Standards for the Provision of Civil Legal Aid

Standard 6.6 on Providing Adequate Resources for Research and Investigation

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Standard

A provider should assure the availability of adequate resources for appropriate legal research and factual investigation.

Commentary

Resources for legal research

To provide high quality representation of clients, practitioners should have access to adequate tools for effective legal research. Each practitioner should have ready access to source materials, including pertinent federal and state statutes, state and federal reporters, law review articles, relevant treatises, poverty law reporters and other material on legal issues facing low income persons. The materials should be available in hard copy or through internet research tools and computer assisted legal research services. Websites, e-mail lists and internet-based discussion groups also provide important resources for legal aid practitioners to keep up with rapid changes in poverty law. Providers should budget sufficient funds to assure that their practitioners have access to those tools that they require to assure high quality legal work and should encourage their practitioners to make full use of free resources that are available on-line.

The provider should maintain updated in-house pleading and brief banks with easily retrievable research products so that the cumulative knowledge gained through successive representation of clients with similar issues is available to the provider's current practitioners. In-house pleading and brief banks should be maintained in electronic form for easy searching and retrieval of pertinent materials. Providers should also participate in national, regional and statewide brief banks that permit many providers to share their research products and to give practitioners easy access to up-to-date research, information and knowledge pertinent to assisting low income persons with their legal problems.

Computer assisted research provides practitioners with access to a vast array of legal research tools. Although such services may be relatively costly, providers should weigh those costs against the expense of maintaining up-to-date traditional law libraries. In addition, discounts may be available to legal aid providers that reduce the cost considerably. Providers should budget sufficient funds to assure that their practitioners have access to the computer assisted legal research tools that are necessary to assure high quality representation.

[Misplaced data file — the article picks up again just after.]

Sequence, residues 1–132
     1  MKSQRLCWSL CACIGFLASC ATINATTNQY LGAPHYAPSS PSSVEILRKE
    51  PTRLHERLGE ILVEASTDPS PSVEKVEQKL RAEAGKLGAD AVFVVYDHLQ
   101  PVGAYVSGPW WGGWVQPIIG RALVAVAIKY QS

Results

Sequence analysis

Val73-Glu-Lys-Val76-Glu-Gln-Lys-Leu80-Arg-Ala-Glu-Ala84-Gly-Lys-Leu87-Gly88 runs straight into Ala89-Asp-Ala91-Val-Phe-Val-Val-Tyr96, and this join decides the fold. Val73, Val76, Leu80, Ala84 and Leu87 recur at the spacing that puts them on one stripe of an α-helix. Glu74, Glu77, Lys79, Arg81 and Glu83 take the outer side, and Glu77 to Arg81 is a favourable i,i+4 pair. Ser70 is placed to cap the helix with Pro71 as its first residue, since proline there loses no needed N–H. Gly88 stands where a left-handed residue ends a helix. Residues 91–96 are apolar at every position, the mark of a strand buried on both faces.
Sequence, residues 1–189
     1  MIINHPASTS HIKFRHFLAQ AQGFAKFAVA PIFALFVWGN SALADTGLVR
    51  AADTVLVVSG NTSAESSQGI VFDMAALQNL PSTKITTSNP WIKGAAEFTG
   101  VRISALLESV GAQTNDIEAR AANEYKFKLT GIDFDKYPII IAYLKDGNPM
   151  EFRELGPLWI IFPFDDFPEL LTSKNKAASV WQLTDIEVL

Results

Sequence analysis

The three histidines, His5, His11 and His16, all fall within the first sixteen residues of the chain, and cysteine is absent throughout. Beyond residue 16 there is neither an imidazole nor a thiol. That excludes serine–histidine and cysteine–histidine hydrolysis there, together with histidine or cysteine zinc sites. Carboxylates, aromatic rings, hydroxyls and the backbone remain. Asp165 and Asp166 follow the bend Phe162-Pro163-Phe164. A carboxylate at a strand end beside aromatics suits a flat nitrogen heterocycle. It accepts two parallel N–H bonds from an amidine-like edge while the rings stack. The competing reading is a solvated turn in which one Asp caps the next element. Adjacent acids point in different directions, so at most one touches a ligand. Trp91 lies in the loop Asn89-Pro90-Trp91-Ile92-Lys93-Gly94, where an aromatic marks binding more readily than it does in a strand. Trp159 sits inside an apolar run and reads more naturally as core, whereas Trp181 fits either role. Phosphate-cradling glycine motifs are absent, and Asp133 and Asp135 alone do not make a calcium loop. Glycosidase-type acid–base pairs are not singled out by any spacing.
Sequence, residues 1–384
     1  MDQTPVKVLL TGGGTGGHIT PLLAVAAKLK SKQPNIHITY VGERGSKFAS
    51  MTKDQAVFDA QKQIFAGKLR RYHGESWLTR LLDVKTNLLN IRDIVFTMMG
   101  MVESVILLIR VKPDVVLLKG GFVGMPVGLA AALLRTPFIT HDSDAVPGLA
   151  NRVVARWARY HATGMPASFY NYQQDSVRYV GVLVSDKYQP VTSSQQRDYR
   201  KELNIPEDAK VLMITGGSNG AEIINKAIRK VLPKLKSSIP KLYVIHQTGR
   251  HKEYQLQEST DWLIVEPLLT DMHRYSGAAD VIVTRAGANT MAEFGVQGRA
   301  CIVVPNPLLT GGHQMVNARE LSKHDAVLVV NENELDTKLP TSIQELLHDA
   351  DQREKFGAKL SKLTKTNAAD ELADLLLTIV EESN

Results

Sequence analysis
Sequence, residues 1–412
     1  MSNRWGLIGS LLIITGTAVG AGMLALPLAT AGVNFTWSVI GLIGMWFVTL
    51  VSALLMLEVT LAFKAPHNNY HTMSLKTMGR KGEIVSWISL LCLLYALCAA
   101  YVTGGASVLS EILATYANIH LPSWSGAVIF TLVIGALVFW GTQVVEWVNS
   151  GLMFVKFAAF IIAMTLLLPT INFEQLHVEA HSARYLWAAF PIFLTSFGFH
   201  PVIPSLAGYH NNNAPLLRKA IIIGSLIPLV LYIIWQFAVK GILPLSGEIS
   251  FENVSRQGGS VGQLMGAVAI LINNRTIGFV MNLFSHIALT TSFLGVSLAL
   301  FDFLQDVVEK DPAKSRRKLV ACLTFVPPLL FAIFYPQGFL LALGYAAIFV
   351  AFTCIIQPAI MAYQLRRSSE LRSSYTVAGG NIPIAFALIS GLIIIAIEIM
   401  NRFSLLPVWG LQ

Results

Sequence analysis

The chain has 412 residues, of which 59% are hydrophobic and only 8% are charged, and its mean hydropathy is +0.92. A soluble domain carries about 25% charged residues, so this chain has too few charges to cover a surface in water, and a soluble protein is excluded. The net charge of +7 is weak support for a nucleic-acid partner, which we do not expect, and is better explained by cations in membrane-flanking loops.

A provider should encourage its practitioners to participate in internet-based discussion groups, e-mail lists and other similar tools that provide up-to-date information on poverty law issues. In addition, substantial information is available for free or for moderate cost from websites maintained by regional, state or national groups that address a range of issues faced by low income communities. Providers should also encourage their practitioners to seek support and assistance from other appropriate sources outside the program. National, regional and state research and advocacy groups, public interest law firms and similar organizations often provide co-counseling, research, advocacy coordination, training and other assistance that can significantly enhance the quality of representation for the provider's clients.

All of these tools require providers to have access to technology that is up to date and to assure that provider's practitioners and other staff are fully trained to make full use of the technological tools that are available.

Resources for factual investigation

Effective and thorough information gathering is essential to the success of any representation. Information provided by clients is often incomplete and may contain inaccuracies. Particularly in cases that are factually complex or confusing, practitioners should not have to rely solely on the information provided at the initial interview in order to plan their representation strategies. Practitioners may often be required to investigate claims made by their clients to assure that they are fully apprised of all of the circumstances that may have an impact on their clients' legal problems.

In some instances practitioners may need the skills of experienced investigators to fill out the details of their clients' cases or uncover information helpful to the client's case. The provider should devote adequate resources to permit the use of outside experts when necessary and, when appropriate, to maintain in-house staff who are tasked with doing factual investigations and who are skilled in investigative techniques. The provider should offer training to assure that its practitioners and other staff who may have investigative responsibilities are fully apprised of the techniques that are useful and fully aware of other resources that may be available to help in investigating clients' claims.